You have 25 horses, what is the minimum number of races you can find the top 3. In one race you can race 5 horses, and you don't have a timer. 29 AnswersI don't know, but Google it, you'll find the answer. Once you know it, it's obvious. 12 Probably 8. First answer: at least 5 (you have to look at every horse). Second answer: 11. You can race five horses, replace 4th and 5th place horse by two horses from pool of horses that haven't raced, and continue doing this until all horses have raced. Since there are 25 horses, you need 1 race for the first five horses and 10 to go through the remaining 20. Third answer: 8. Round 1 (5 heats) : Race horses in heats of five. Eliminate all 4th and 5th place horses. (15 horses left) Round 2 (1 heat): Race winning horses from every heat. Eliminate 2nd and third place horses that lost to horses in round 2 that came third or worse. (7 horses left). Round 3 (1 heat): Pick any five horses. Race them. Eliminate bottom two and replace with remaining two horses. (5 horses left) Round 4 (1 heat): Eliminate bottom two. Note: after round 2 it may be possible to use some interesting decision tree mechanism to determine the three fastest horses using fewer horses per heat but you still need two heats to do that. This problem assumes horses don't get tired, no ties are possible and a horse's speed is deterministic race after race after race. Good assumptions for brain teasers, but not for real life. Show More Responses Actually, should be 7. Forgot that after round 2 you can eliminate one more horse leaving you with 6 horses, one of which (the winner of the second round), is the fastest horse of them all. One more race with the five horses not No.1 and you pick the top two. 6. First round consists of 5 races of 5 horses. Pull aside the winner of each race in the first round for the final heat and eliminate the bottom 2. 8. Run 5 races of 5 horses. (5) Put all the 3rd place horses in a race, winner is 3rd fastest. (6) Put all the 2nd place horses in a race, winner is 2nd fastest. (7) Put all the first place horses in a race, winner is fastest. (8) The third place horse was beaten by one of the 2nd place horses. So third stays in third. Same for the second place horse. chzwiz, r u sure u r not high? B, what happened in round 2? why 8 horses suddenly get eliminated by 1 race? again, do u know what you are smoking? oh, forget J,..... just speachless 7. chzwiz, your answer is incorrect. One of the first or second place horses could be 2nd fastest and/or 3rd fastest. I drew a grid to visualize the problem. First, run five races to establish 5 groups of internally ranked horses, and you can of course immediately eliminate 4 & 5 of each race. 1 2 3 x x 1 2 3 x x 1 2 3 x x 1 2 3 x x Then race 1st place horses, eliminate 4 & 5, and those they beat earlier. You can also eliminate the horses #3 beat, and the 3rd place horse from #2's first race. 1 ? ? X X 2 ? X X X 3 X X X X X X X X X X X X X X You know #1 is fastest. Race the remaining horses (2, 3 and ?'s), and the top two are 2nd and 3rd. After reading the above answers, this is the same as B's revised answer, but I found it easier to explain/visualize with the grid. @brad ... but isnt dat v dont have timer to know d ranking ... or my assumption is wrong?? I thought v know only 1 result of every race .. i.e. top 1 Spawn, it's true that you don't know timings, but you do know RANKINGS. I don't see errors in logic with each answer above. They may claim to discover the answer with fewer races, but they have too many assumptions or errors to be correct. To do this optimally and without any potential error, you must eliminate as many correctly placed horses as possible and eliminate the maximum number of non-win/place/show horses each round. Round 1: (Races 1-5) You must start with 5 heats @ 5 horses apiece. The non-Win/Place/Show horses of each round have been eliminated, leaving 15 horses. Round 2: (Race 6) You then race the top finishing horses against one another, leaving you with your overall fastest horse. We now have the Win horse, leaving only Place and Show as unknowns. This also eliminates the bottom two horses, leaving 2 horses from this race. There are also only two more unknown horses. Race 7) You may race the Place horses against one another. Only two survive this race, since we know that each of these horses can place 2nd at best. This leaves 2 horses from this race. (Race 8) You may also race the show horses of each round. Since they each have been beaten by two other horses in Round 1, only the 1st place horse of this round survives as the potentially 3rd best horse. This will leave 1 horse in this race to battle for the 2 remaining spots. Round 2 leaves 2 Horses (Race 6) + 2 Horses (Race 7) + 1 Horse (Race 8) = 5 Horses, for 2 unknown spots. Round 3: (Race 9) We can now have the final 5 horses race for the remaining two spots leaving us with the undisputed 2nd and 3rd places. Here is a more complex scenario below in which the top 2 horses come from the same original race and the later races are full of lame horses. Many of the solutions above do not address those problems. Each # is a horse, named by it's inherent ranking. X signifies 'eliminated horse' Race1 R2 R3 R4 R5 1-->R6 3-->R6 11-->R6 16-->R6 21-->R6 2-->R7 7-->R7 12-->R7 17-->R7 22-->R7 4-->R8 8-->R8 13-->R8 18-->R8 23-->R8 5X 9X 14X 19X 24X 6X 10X 15X 20X 25X Round 2: Race 6 (Winners) Race 7 (Places) Race 8 1 -->1st Place 2-->Race 9 4-->Race 9 3 -->Race 9 7-->Race 9 8X 11-->Race 9 12X 13X 16X 17X 18X 21X 22X 23X Round 3: Race 9 2P 3S 4X 7X 11X First Place = 1 Horse -- Race 6 Winner Second Place = 2 Horse -- Race 9 Winner Third Place = 3 Horse -- Race 9 2nd place To fix the formatting issues that appeared as spaces are eliminated above-- Race1________R2___________R3___________R4___________R5____ _1-->R6_______3-->R6_______11-->R6_______16-->R6_______21-->R6 _2-->R7_______7-->R7_______12-->R7_______17-->R7_______22-->R7 _4-->R8_______8-->R8_______13-->R8_______18-->R8_______23-->R8 _5X__________9X___________14X__________19X___________24X _6X__________10X__________15X__________20X___________25X Round 2: Race 6 (Winners)__________Race 7 (Places)__________ Race 8 1 -->1st Place_____________2-->Race 9______________4-->Race 9 3 -->Race 9_______________7-->Race 9 _____________ 8X 11-->Race 9______________12X____________________13X 16X_____________________17X____________________18X 21X_____________________22X____________________23X Round 3: Race 9 2P 3S 4X 7X 11X Less ascetically pleasing than the original, but it will suffice. Show More Responses This problem can be reduced to (viewed as) multiway mergesort: 1) split the horses into groups of five as if we had five files to sort 2) do a multiway mergesort but instead of sorting all horses, stop as soon as you get the top 3 We need one race per group to sort them (5 races total). And 3 more races to get the top 3. We will need 8 races. The interviewer might have been looking whether an applicant was able to spot this relation to algorithms or not. But if this was a brain teaser instead, maybe the answer is less than 8. The answer is definitely 7, here is a fantastic explanation: http://www.programmerinterview.com/index.php/puzzles/25-horses-3-fastest-5-races-puzzle/ Randomly race the horses 5 times and keep a winner's bracket. The 6th race will determine the fastest horse. This is trivial. The 2nd and 3rd fastest could be in the winner's bracket or they could be the 2nd or even 3rd fastest in one of the losing brackets. Then we have to race 2nd and 3rd place from the winners bracket as well as from each original bracket, which had 5. This means we have 12 horses to try. Randomly keep 2 horses out and race 5v5. Keep the top two horses from both. We have 6 horses now. Race 3v3 and keep the top two, leaving 4 horses. Then race these. I count 11? Brute force divide and conquer solution = 18 races. Just be aware of the brute force solution in case there's restriction where we can't use the memory to save the first 3 places. Those who want a system that averages that fastest solving time, the answer will be 7 races.. Those gamblers who want an algorithm that gives the fastest possible solving time (all though sometimes it WILL take longer) the answer is 6. Race 1-5: First 5 races of five.. We randomly seed with no overlaps.. we use this to eliminate the bottom two from each race. I am going to use a two digit number labeling system where the first digit is which race in heat one they competed in and the second digit is which place they obtained in that heat.. These are the horses we have left: 11 12 13 21 22 23 31 32 33 41 42 43 51 52 53 Race 6: We have the winners from each heat compete, and for ease of explanation lets say that they ranked 11, 21, 31, 41, 51.. Now we know that 41, 51 and all the horses slower than them (their heats) are out.. also, we know that any horse slower than 31 is out (ie. 32 & 33), and we know that any horse that is at least two horses slower than 21 is out (ie 23). This leaves 11, 12, 13, 21, 22, 31.. 6 horses. Possible rankings: 11 12 13 21 22 23 31 32 33 Race 7 Rank 1 is already known.. and we just need to know how to organize 12, 13, 21, 22, and 31.. And look at that!! that's 5 horses! We race those 5 and the top two receive the overall rank of 2nd and 3rd. 5 races in round one, 1 race in round 2, 1 race in round 3.. it took us 7 races.. Option two: 6 Races Now, an alternate answer.. when we read "What is the minimum number of races to find the top 3 horses" we can interpret that maybe they don't care about this method working every time.. instead they want to hit up the Vegas Casinos and test their luck, and maybe save some track time.. If i was a gambling man.. i would race the first group of those that i thought looked the strongest.. I would eliminate 2 in that race (we are now down to 23 horses).. and then race the 3rd fastest multiple times and hope that he gets first in the remaining races, thus eliminating 4 horses each time. This is going to be painful for the horse that placed 3rd in heat one. Race 1: Eliminate 2, 23 horses remaining Race 2.. Eliminate 4, 19 horses remaining Race 3.. 15 horses Race 4.. Eliminate 4, 11 horses Race 5.. Eliminate 4, 7 horses Race 6.. Eliminate 4, 3 horses.. The original top 3 from Race 1. So using method 2, we completed this race in 6 races instead of 7! I messed up the possible ranks after race 6.. That should have read.. 11 12 13 11 12 21 11 21 22 11 21 31 Please forgive me. Brad's explanation is the perfect one. All other explanations are junk and impossible to read and follow. Round1: (5 groups) remaining horse 15 Round: (1 groups). Topper from each heat Round: (1 gounds). Forget about the 4th and 5th Heat horses (becoz their toppers are at last place) go to the 3rd position 6 races as the 25 horses are divided into 5 groups each grouping 5 horses in each group , then the winner from each group would be 5 then there should be last n final race to find the first , second and third placed horse . in this way we can find our top 3 horses :) It should be 11. In each race you can only eliminate 4th and 5th place simply because there's a chance that the top 3 in that single heat are the 3 fastest of all the horses. So each race you can select 5 random horses each race or keep the top three in the following race, the outcome is the same. Show More Responses I get 8 races to guarantee you get the top three. 5 races of 5 to get the fastest horse from each group. 1 race to determine the fastest overall. The second fastest horse can be in the group (x) that produced the fastest, 1 race with the remaining 4 fastest from the other groups and the second fastest from group x. That race will produce the second fastest overall guaranteed. 1 more race with the 3 or 4 from the original winners and the replacement from the group that produced the second place horse. That makes 8 races. I dont get it.. It shoudl be five races right? U will know how long each horse takes to cover same distance. Pick the three that took shortest. Y need more rounds? If u down vote my answer, u have the obligation to explain why 😜 Answer is 6. You will have 5 races and 5 winners. Next race with 5 winners is the 6th race and you get top 3. You're welcome. It would be 7, mainly because since there only 5 racers each round, then it would be tournament style. As you can tell, tournament style never determines the rankings in the short term. (Imagine if a new tennis player played against Roger Federer and he loses. He's not bad, he's just really unlucky haha) So in order to determine the answer, you would have to use massive logic and reasoning. First step is obvious: you get 5 sets of horses to race through 5 races. So the number is already at 5. We get the top horse in each one and note them. However, one problem is that you have to consider if fastest horses could lie all in the first, second, third, fourth, or fifth group. But we can't determine that yet, so let's race one more time with the winners of each race. Second step: Race with each winner from their groups. That makes 6 total races so far. Ok, now we can get somewhere with this. So now, its a question of which horses we can eliminate to determine the next race. Who can we eliminate though? Well, we can get rid of: - All the horses in the group with the last race that were 4th and 5th place. This makes sense since if the winner of their groups only made 4th and 5th place in the tournament style race, then they are definitely not the fastest horses. 15 horses remaining. - Well, we can also get rid of the last two horses of each group since we are only looking for the top 3. 9 horses remaining. - We also can get rid of the first place winner since we already know he is definitely the best. 8 horses remaining. - Since we already determined who the fastest horse is, now we have to determine who the second and third fastest horse can be. In that case, the second place horse from the last round can get rid of the third horse of that group, since he definitely has no shot of being the first or second fastest horse of this new race. Also, in the third group, we can get rid of the second and third horse in the group due to the same reasoning above. 5 horses remaining. Oh wow! We now have 5 horses left! This means we can just have a clean race and find the second and third fastest horse. So overall, the answer is 7 races! 7 In my opinion, you need 26 RACES to make sure that you get the top 3 without a timer. You need to know that without a timer if we plan only 5 races with 5 horses on each one, the last horse on the first group could end the race in 1 minute while the first horse on the second group (the winner) could end it in 2 minutes, which mean that the last horse of the first group is much faster than the first horse of the second group..and this is why we need to make a total of 26 RACES to determine the top 3 as follow: 5 RACES with 5 horses each .> We get the 5 winners from each race .> We race the 5 winners > We get the top 4 > We race the top 4 with one of the remaining 20 horses > we get the top 4 > we race the top 4 with one of the remaining 19 horses > we get the top 4 > we race the top 4 with one of the remaining 18 horses...etc until the last race then we select the top 3 winners from the last race. 5 RACES + 1 RACE + 20 RACES = 26 RACES |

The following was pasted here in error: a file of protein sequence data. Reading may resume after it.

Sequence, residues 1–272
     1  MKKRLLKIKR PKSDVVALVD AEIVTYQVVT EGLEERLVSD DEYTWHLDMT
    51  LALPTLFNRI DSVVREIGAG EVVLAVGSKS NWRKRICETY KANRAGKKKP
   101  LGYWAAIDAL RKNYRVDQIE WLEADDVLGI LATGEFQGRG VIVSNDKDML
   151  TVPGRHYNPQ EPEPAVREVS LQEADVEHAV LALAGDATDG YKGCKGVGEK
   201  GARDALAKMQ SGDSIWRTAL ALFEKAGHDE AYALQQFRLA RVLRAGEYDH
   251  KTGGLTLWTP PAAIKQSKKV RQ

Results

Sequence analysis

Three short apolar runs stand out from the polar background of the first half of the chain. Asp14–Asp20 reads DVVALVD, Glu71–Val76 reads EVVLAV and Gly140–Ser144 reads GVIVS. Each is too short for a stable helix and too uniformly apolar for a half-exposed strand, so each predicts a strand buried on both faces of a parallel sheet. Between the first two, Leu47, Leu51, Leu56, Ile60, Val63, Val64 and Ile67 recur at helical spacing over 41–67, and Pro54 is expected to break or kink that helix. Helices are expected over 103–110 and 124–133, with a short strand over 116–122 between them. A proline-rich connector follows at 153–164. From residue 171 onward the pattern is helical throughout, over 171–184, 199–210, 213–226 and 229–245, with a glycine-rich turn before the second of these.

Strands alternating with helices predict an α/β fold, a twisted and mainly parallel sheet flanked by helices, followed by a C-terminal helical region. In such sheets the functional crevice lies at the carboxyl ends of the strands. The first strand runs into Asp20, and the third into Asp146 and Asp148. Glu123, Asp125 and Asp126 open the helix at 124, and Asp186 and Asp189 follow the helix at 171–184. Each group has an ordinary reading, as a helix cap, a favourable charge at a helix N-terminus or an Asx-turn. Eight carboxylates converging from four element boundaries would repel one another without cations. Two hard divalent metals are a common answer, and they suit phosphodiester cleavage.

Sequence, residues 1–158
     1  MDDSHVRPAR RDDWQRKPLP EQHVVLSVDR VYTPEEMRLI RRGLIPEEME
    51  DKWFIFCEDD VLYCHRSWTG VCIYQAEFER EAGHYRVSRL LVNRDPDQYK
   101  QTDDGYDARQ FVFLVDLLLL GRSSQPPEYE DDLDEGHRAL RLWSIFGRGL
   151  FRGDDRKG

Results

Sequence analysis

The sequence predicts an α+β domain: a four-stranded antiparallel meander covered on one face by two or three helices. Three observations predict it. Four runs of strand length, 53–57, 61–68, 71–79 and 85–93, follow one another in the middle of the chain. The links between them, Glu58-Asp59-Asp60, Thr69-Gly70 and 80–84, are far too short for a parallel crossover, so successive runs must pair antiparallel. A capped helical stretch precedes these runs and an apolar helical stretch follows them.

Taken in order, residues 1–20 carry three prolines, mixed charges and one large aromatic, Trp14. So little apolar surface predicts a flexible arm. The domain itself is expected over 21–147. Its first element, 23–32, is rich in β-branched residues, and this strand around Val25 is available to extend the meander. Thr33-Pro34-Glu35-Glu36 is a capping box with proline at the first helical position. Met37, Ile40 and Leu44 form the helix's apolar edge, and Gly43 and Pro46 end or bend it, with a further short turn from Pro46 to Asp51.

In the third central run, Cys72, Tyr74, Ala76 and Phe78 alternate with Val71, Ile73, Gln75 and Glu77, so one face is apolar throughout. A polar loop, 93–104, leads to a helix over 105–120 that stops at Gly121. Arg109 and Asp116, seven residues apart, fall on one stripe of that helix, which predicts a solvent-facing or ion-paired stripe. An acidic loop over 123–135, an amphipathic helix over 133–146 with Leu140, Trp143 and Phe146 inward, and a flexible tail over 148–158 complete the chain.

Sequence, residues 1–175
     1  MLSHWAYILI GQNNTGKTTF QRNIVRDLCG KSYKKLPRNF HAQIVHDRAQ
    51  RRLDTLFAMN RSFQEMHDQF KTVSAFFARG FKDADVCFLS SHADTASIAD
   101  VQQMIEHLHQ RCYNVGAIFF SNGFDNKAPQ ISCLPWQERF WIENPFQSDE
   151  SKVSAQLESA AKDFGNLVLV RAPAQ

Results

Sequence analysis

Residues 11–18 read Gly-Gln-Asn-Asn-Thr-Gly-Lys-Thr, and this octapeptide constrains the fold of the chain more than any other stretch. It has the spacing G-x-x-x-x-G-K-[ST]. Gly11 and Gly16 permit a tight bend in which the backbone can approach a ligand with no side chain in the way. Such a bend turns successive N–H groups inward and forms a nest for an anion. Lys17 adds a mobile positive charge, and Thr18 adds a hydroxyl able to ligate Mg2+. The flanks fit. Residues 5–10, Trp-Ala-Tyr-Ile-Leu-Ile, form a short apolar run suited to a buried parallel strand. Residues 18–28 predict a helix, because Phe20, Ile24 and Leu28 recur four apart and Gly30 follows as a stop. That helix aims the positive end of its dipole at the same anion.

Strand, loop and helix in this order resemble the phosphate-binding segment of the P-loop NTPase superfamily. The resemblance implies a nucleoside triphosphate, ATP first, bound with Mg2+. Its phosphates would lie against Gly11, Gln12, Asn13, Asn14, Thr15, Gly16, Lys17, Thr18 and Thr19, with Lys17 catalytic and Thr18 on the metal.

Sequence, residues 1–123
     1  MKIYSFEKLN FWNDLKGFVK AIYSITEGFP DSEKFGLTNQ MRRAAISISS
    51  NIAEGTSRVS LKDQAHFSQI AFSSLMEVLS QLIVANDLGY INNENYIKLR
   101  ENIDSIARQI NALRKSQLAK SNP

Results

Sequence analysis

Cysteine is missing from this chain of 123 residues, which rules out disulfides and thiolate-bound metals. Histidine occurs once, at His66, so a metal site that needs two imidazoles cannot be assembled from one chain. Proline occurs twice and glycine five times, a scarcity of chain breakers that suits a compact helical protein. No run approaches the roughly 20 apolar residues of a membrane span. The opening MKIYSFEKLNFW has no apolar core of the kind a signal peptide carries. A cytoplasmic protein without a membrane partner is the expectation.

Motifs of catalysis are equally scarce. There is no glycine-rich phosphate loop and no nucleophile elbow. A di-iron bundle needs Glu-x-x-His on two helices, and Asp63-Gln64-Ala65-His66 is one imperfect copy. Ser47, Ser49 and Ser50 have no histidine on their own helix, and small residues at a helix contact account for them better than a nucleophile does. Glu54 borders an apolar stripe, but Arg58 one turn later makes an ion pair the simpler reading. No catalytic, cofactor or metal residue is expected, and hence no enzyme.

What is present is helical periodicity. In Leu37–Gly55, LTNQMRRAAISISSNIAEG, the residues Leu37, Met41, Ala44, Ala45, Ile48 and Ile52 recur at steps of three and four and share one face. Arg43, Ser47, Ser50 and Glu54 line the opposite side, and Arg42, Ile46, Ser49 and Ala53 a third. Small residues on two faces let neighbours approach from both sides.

How many passengers leave JFK airport on a given day. 19 AnswersNot sure: approx. 100,000? 1.5 million no matter if they are flying in or out, they all leave Show More Responses My answer would have been the same: "Pretty much all of them!" :) planes leave, people board. ALL OF EM ! (and to elaborate - The no. of ppl flying in + the no. of ppl flying out --all leave basically some on foot and other on air All leave except for Tom Hanks, he stays stuck in "The Terminal"....... (You have to include some humor when you answer :) 50k how is this a brain teaser? This question tests how you think critically. In this example, you could start with estimating that JFK has about 100 gates, and that a plane leaves from a gate every 3 hours, totaling 800 flights per day. Guessing that the average plane holds 200 passengers, you arrive at 160,000 per day departing. The interviewer is not as interested that you get the right, or even close, answer, but rather the thought process you go through to figure it out. For those that are interested, the real number is about 131,000 per day based on statistics from 2007. the question was "How many passengers leave JFK airport on a given day.?" my answer is the (number of people arrives that day )+( the employees work there (except for the security guards)) after all no-one stays on the airport forever The answer is the thought process, as above. Personally, I'd have started with the number of flights: flight frequency per runway * runways * open hours. Assume half are leaving, then guess the number of passengers per plane. I might also point out that the number of assumptions multiplied together in that calc is such that you're unlikely to be within an order of magnitude of the right answer... Tim Besse stole my answer! And I thought I was the only one who thought of that. Seriously though, if I was asked this question in an interview I would answer "probably about half" figuring that half the flights are departing and half are arrivals, similar to what another poster stated. Depending on the position you are interviewing for they may be impressed by you going through a long critical calculation, I don't know. In my line of work, character is more important that pure intelligence. Show More Responses all of them 100% 1. Those passengers that arrive on an airplane either leave by another plane or leave the airport by other means. 2. Those passengers that arrive by other means take a plane and leave or they are not passengers. 3. That is, if you exclude those that are still there at midnight. You can assume this number is constant from night to night. Well, there are passengers in cars that come and go, those onboard planes that do the same and some perhaps catching a lift on a bicycle or maybe even piggyback. If there are those that try to actually ride on JFK, he's dead, so - good luck. I would have to agree with those that say all of them. However I must point out an addition to the facts. We are all assuming something when answering these types of problems and as such the answers are as much subjective as they maybe factual. To the rest here, READ the question. Passengers are ON the planes if not then they are NOT passengers! ALL passengers leave eventually however what is a 'day' not specified as 24hrs- because a 24hr period COULD span 2 'days'. ALSO it is possible that a plane could be held hostage on the tarmac for more than 24hrs - these passengers would not leave on the same 'day' so our total may be slightly less than 100% on any given day. Ultimately though, I agree that it is the interviewer's 'hidden' question that counts. With these types of questions the answers are not so mathematically obvious. But rather, the questioner is looking deeper into your logic, character, personality etc. Are you a thinker, do you think out-side the box, do you get frustrated, are you a smart-ass, etc. That's been my experience not all them. because som arrive at one day and leave the next day. My answer will be "A LOT!" the answer does not require a number but how will you find out. It depends on the day of the year and also on how many people are actually on the plane and if all of them are going to JFK or are catching connecting flights. |